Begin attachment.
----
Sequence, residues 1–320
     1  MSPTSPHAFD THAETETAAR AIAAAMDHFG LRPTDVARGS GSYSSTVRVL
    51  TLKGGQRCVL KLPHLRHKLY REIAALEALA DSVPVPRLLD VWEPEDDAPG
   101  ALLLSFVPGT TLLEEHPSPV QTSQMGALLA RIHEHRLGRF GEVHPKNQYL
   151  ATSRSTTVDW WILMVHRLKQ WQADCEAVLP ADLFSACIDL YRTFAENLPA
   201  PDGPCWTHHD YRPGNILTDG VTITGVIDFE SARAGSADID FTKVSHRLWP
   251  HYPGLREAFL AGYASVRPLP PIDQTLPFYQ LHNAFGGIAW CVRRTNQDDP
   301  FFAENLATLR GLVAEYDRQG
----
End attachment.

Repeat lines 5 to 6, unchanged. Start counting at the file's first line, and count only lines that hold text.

   151  ATSRSTTVDW WILMVHRLKQ WQADCEAVLP ADLFSACIDL YRTFAENLPA
   201  PDGPCWTHHD YRPGNILTDG VTITGVIDFE SARAGSADID FTKVSHRLWP